• Alpha Male Chimpanzee Grooming Patterns: Implications for Dominance "Style" AMERICAN JOURNAL OF PRIMATOLOGY Foster, M. W., Gilby, I. C., Murray, C. M., Johnson, A., Wroblewski, E. E., Pusey, A. E. 2009; 71 (2): 136-144


    In social primates, individuals use various tactics to compete for dominance rank. Grooming, displays and contact aggression are common components of a male chimpanzee's dominance repertoire. The optimal combination of these behaviors is likely to differ among males with individuals exhibiting a dominance "style" that reflects their tendency to use cooperative and/or agonistic dominance tactics. Here, we examine the grooming behavior of three alpha male chimpanzees at Gombe National Park, Tanzania. We found that (1) these males differed significantly in their tendency to groom with other males; (2) each male's grooming patterns remained consistent before, during and after his tenure as alpha, and (3) the three males tended to groom with high- middle- and low-ranking partners equally. We suggest that body mass may be one possible determinant of differences in grooming behavior. The largest male exhibited the lowest overall grooming rates, whereas the smallest male spent the most time grooming others. This is probably because large males are more effective at physically intimidating subordinates. To achieve alpha status, a small male may need to compensate for reduced size by investing more time and energy in grooming, thereby ensuring coalitionary support from others. Rates of contact aggression and charging displays conformed to this prediction, suggesting that each male exhibited a different dominance "style."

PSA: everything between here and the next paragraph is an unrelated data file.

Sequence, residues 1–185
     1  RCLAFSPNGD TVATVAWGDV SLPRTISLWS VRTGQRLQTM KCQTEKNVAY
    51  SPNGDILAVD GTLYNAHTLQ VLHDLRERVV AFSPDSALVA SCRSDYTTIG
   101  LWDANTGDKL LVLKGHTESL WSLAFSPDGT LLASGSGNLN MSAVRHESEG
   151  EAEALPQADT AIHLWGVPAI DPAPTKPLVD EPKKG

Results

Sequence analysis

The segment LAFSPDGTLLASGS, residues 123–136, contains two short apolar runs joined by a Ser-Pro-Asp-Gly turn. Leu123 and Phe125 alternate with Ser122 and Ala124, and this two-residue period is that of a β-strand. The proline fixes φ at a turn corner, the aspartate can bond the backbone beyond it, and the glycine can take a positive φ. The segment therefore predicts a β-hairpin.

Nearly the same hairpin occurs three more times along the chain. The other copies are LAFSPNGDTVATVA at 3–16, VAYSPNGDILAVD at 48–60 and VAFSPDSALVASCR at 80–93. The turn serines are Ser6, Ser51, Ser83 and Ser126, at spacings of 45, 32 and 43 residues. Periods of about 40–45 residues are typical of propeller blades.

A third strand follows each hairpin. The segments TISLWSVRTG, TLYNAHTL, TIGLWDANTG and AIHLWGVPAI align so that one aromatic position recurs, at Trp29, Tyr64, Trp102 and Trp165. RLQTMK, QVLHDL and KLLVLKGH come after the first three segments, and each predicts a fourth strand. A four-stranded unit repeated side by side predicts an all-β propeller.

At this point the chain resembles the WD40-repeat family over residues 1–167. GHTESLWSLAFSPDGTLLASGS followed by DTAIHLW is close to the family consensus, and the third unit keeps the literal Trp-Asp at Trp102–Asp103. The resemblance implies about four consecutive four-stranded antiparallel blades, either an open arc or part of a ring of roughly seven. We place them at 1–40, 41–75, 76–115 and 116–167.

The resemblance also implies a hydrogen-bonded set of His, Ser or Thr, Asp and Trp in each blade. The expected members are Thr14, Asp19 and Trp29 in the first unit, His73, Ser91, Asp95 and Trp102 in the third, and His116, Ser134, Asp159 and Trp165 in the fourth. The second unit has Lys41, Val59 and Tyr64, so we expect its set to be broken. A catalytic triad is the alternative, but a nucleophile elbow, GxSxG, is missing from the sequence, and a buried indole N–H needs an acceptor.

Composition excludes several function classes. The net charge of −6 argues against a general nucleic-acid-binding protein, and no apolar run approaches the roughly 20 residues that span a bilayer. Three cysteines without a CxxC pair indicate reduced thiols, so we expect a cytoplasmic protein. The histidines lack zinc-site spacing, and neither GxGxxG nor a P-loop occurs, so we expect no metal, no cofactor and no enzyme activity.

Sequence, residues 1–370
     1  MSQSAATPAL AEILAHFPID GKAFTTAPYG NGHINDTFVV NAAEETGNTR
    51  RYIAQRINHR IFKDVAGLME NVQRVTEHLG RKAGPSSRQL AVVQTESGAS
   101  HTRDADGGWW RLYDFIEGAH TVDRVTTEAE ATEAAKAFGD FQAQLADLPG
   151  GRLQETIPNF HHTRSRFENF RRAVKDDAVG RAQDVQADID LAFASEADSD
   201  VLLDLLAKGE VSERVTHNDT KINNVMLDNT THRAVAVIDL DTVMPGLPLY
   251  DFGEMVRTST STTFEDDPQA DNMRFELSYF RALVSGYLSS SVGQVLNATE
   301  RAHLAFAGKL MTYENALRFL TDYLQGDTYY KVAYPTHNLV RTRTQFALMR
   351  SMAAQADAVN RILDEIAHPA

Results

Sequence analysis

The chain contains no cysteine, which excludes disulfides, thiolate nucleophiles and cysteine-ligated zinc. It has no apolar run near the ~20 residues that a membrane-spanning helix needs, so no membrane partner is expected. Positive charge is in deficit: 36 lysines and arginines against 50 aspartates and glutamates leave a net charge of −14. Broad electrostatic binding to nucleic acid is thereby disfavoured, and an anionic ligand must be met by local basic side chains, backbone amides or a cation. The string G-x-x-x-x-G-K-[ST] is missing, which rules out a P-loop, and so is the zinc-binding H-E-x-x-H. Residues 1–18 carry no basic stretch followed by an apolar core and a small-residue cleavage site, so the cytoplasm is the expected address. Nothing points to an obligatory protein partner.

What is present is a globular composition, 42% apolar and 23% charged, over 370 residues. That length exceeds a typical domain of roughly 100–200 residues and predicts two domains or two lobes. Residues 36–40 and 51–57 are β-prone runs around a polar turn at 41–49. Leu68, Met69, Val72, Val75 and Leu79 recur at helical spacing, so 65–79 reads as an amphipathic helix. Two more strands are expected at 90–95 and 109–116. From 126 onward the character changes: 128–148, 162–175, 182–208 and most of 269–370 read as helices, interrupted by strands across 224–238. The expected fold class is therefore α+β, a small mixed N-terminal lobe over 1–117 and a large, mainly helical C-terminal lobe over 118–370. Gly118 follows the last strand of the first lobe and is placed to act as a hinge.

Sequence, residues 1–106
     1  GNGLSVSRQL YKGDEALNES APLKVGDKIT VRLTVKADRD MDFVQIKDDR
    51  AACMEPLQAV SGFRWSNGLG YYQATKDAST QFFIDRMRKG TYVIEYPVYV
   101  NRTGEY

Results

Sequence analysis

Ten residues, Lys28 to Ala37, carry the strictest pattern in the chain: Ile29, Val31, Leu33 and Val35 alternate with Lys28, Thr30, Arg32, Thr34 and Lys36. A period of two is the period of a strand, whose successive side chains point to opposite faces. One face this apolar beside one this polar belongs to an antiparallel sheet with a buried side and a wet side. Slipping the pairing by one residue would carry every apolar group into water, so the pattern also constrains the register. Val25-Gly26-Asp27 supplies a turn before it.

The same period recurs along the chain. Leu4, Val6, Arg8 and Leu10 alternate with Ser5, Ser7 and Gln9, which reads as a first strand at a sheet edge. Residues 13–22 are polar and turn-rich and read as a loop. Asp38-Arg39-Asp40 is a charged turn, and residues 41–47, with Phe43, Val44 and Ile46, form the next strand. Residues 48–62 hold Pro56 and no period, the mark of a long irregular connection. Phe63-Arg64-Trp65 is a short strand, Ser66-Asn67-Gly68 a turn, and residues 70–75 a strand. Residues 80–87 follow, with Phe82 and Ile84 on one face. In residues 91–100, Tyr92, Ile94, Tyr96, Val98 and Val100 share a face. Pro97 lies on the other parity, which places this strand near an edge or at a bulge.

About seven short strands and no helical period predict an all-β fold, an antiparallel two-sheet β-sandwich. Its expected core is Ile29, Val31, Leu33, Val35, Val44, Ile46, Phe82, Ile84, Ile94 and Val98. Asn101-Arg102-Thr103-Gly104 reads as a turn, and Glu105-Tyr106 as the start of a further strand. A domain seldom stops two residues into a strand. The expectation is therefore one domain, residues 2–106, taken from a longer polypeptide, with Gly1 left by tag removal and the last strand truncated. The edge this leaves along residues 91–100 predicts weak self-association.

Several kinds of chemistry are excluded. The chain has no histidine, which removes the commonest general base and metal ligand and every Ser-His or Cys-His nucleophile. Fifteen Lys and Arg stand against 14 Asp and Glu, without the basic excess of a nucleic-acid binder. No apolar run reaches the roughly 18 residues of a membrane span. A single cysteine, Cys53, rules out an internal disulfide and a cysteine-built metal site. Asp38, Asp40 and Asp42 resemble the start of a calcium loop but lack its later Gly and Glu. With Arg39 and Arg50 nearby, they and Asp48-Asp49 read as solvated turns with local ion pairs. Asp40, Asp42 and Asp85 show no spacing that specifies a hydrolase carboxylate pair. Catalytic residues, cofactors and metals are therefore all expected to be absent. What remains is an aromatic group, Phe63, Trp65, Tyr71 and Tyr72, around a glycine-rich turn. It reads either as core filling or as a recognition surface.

View details for DOI 10.1002/ajp.20632

    View details for Web of Science ID 000262392200006

    View details for PubMedID 19025996

  • An unusual incident of adoption in a wild chimpanzee (Pan troglodytes) population at Gombe National Park American Journal of Primatology Wroblewski, E. E. 2008; 70